Fossil pigments reveal the colours of ancient sea monsters
An international team of scientists has, for the first time, revealed the colour scheme of an extinct marine animal using fossilised skin pigment from three multi-million-year old marine reptiles.
Previously, scientists could only guess what colours huge reptiles, such as mosasaurs and ichthyosaurs had; however, pigment preserved in fossilised skin has now been analysed at SP Technical Research Institute of Sweden and MAX IV Laboratory at Lund University in Sweden. The unique soft tissue remains were obtained from a 55 million-year-old leatherback turtle, an 85 million-year-old mosasaur and a 196–190 million-year-old ichthyosaur.
Dr Gareth Dyke, Senior Lecturer in Vertebrate Palaeontology at the University of Southampton, was among the scientists that made the spectacular discovery. He says: “The most sensational aspect of the investigation is that it can now be established that these ancient marine reptiles were, at least partially, dark-coloured in life, something that probably contributed to more efficient thermoregulation, as well as providing means for camouflage and protection against harmful UV radiation.”
The results of the study by scientists from Denmark, England, Sweden and the USA are presented in the scientific journal Nature.
The analysed fossils are composed of skeletal remains, in addition to dark skin patches containing masses of micrometre-sized, oblate bodies. These microbodies were previously interpreted to be the fossilised remains of those bacteria that once contributed to the decomposition and degradation of the carcasses. However, by studying the chemical content of the soft tissues, the scientists were able to show that they are in fact remnants of the animals’ own colours, and that the micrometre-sized bodies are fossilised melanosomes, or pigment-containing cellular organelles.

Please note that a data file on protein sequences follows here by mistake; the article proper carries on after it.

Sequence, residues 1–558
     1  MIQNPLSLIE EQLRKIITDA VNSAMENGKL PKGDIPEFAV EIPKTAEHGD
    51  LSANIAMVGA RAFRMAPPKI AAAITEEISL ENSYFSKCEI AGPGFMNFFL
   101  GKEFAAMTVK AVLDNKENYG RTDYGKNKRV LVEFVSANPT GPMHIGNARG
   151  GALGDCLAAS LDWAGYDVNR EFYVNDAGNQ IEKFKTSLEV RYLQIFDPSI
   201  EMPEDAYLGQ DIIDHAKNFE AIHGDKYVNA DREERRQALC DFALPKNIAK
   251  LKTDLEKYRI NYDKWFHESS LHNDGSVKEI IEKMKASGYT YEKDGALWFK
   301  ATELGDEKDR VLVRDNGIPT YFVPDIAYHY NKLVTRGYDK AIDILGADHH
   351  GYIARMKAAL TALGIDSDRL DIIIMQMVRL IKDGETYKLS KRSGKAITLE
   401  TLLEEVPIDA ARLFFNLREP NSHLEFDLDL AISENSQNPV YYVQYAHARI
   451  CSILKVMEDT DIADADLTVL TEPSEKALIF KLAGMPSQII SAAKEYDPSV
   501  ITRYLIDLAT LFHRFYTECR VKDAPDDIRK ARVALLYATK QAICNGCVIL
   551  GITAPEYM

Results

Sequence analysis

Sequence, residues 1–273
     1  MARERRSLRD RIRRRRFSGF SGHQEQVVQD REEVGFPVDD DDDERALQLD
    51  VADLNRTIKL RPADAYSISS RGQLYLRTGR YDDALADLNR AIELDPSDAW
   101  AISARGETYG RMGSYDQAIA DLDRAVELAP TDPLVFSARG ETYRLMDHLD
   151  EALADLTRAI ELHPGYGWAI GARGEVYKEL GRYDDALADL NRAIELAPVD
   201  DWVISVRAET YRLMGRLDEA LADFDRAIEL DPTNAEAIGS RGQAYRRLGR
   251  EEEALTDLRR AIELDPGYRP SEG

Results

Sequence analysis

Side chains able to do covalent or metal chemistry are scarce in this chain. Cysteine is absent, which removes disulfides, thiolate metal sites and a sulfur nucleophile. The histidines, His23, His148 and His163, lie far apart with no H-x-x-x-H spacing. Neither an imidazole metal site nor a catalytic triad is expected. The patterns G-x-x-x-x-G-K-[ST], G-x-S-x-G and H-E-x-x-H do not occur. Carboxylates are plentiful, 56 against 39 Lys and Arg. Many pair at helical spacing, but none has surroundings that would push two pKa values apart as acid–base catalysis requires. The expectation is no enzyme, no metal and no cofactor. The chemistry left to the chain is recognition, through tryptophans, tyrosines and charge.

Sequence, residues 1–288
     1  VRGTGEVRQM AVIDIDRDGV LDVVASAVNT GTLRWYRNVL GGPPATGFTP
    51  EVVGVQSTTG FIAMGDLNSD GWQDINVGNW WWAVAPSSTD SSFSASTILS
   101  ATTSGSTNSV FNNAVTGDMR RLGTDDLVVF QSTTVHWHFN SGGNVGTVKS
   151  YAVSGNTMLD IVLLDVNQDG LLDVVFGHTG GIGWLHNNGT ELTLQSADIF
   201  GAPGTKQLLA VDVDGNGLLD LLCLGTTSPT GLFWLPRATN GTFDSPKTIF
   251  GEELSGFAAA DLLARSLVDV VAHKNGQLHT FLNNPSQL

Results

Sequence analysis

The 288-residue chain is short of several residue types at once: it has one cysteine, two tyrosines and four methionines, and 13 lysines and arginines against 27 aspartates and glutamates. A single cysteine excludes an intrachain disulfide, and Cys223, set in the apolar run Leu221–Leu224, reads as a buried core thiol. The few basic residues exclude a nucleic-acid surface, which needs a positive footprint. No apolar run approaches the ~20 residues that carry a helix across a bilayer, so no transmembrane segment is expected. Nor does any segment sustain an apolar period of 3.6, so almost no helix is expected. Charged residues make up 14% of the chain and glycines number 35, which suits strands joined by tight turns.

“Our results really are amazing. The pigment melanin is almost unbelievably stable. Our discovery enables us to make a journey through time and to revisit these ancient reptiles using their own biomolecules. Now, we can finally use sophisticated molecular and imaging techniques to learn what these animals looked like and how they lived”, said Per Uvdal, one of the co-authors of the study, and who works at the MAX IV Laboratory.
Mosasaurs (98–66 million years ago) are giant marine lizards that could reach 15 metres in body length, whereas ichthyosaurs (250–94 million years ago) could become even larger. Both ichthyosaurs and mosasaurs died out during the Cretaceous Period, but leatherback turtles are still around today. A noticeable feature of the living leatherback turtle, Dermochelys, is that it has an almost entirely black back, which probably contributes to its worldwide distribution. The ability of leatherback turtles to survive in cold climates has mainly been attributed to their huge size, but it has also been shown that these animals bask at the sea surface during daylight hours. The black colour enables them to heat up faster and to reach higher body temperatures than had they instead been lightly coloured.
“The fossil leatherback turtle probably had a similar colour scheme and lifestyle as does Dermochelys. Similarly, mosasaurs and ichthyosaurs, which also had worldwide distributions, may have used their darkly coloured skin to heat up quickly between dives,” said Johan Lindgren from Lund University in Sweden and the leader of the international research team that studied the fossils.
If their interpretations are correct, then at least some ichthyosaurs were uniformly dark-coloured in life, unlike most living marine animals. However, the modern deep-diving sperm whale has a similar colour scheme, perhaps as camouflage in a world without light, or as UV protection, given that these animals spend extended periods of time at or near the sea surface in between dives. The ichthyosaurs are also believed to have been deep-divers, and if their colours were similar to those of the living sperm whale, then this would also suggest a similar lifestyle.